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C.D. Warner, et al., comp.  The Library of the World’s Best Literature.
An Anthology in Thirty Volumes.  1917.
 
The Spring
By Thomas Carew (1595?–1639?)
 
NOW that the winter’s gone, the earth hath lost
Her snow-white robes; and now no more the frost
Candies the grass or casts an icy cream
Upon the silver lake or crystal stream:
But the warm sun thaws the benumbèd earth,        5
And makes it tender; gives a sacred birth
To the dead swallow; wakes in hollow tree
The drowsy cuckoo and the humble-bee.
Now do a choir of chirping minstrels bring
In triumph to the world the youthful Spring:        10
The valleys, hills, and woods, in rich array,
Welcome the coming of the longed-for May.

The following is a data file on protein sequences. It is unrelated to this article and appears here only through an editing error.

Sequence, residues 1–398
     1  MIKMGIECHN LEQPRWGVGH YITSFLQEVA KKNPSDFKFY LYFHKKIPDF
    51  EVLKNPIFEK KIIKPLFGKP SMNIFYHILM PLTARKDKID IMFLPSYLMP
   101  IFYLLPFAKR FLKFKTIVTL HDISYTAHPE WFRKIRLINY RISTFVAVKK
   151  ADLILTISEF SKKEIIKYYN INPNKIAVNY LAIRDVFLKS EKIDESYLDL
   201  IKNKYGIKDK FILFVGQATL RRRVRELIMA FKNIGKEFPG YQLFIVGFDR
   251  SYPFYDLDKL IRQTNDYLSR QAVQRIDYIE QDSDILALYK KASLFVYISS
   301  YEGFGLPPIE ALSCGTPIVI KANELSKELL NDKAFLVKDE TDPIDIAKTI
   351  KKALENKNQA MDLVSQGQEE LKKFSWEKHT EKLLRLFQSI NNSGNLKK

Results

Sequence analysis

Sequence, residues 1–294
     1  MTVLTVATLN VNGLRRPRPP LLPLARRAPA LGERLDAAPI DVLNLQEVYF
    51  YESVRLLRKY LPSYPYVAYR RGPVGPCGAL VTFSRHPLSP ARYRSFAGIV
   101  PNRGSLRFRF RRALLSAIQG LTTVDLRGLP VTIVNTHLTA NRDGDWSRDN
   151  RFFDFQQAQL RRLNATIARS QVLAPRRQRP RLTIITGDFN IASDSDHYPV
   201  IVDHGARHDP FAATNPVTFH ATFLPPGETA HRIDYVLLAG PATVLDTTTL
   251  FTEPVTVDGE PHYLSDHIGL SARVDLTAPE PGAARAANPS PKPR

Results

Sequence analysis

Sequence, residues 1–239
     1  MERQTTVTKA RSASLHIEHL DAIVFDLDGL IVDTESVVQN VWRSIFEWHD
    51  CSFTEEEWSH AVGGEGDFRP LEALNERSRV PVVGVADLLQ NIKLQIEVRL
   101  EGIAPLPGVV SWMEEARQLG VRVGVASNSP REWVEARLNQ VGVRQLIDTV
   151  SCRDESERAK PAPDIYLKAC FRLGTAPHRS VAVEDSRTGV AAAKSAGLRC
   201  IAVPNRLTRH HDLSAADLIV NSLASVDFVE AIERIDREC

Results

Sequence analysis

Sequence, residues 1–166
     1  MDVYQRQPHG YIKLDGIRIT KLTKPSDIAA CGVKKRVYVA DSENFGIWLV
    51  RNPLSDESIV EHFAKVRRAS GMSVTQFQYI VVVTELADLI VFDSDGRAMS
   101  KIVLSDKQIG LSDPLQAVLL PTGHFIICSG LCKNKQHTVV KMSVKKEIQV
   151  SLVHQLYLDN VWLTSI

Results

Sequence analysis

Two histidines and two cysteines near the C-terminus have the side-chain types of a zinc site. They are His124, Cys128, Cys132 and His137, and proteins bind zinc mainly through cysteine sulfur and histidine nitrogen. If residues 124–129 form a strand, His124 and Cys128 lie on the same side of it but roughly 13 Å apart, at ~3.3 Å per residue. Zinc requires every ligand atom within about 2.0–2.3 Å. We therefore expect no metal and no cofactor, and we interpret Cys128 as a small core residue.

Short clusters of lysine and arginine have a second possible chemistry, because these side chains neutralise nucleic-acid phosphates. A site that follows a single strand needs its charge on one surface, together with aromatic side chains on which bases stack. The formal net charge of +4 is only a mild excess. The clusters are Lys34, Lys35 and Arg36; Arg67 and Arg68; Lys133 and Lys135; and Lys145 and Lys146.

Now all things smile; only my love doth lower;
Nor hath the scalding noonday sun the power
To melt that marble ice which still doth hold        15
Her heart congealed, and makes her pity cold.
The ox, which lately did for shelter fly
Into the stall, doth now securely lie
In open fields; and love no more is made
By the fireside; but, in the cooler shade,        20
Amyntas now doth with his Cloris sleep
Under a sycamore, and all things keep
Time with the season—only she doth carry
June in her eyes, in her heart January.
 
 
CONTENTS · GENERAL INDEX · SONGS & LYRICS · BIOGRAPHICAL DICTIONARY
READER’S DIGEST · STUDENT’S COURSE · BIBLIOGRAPHIC RECORD
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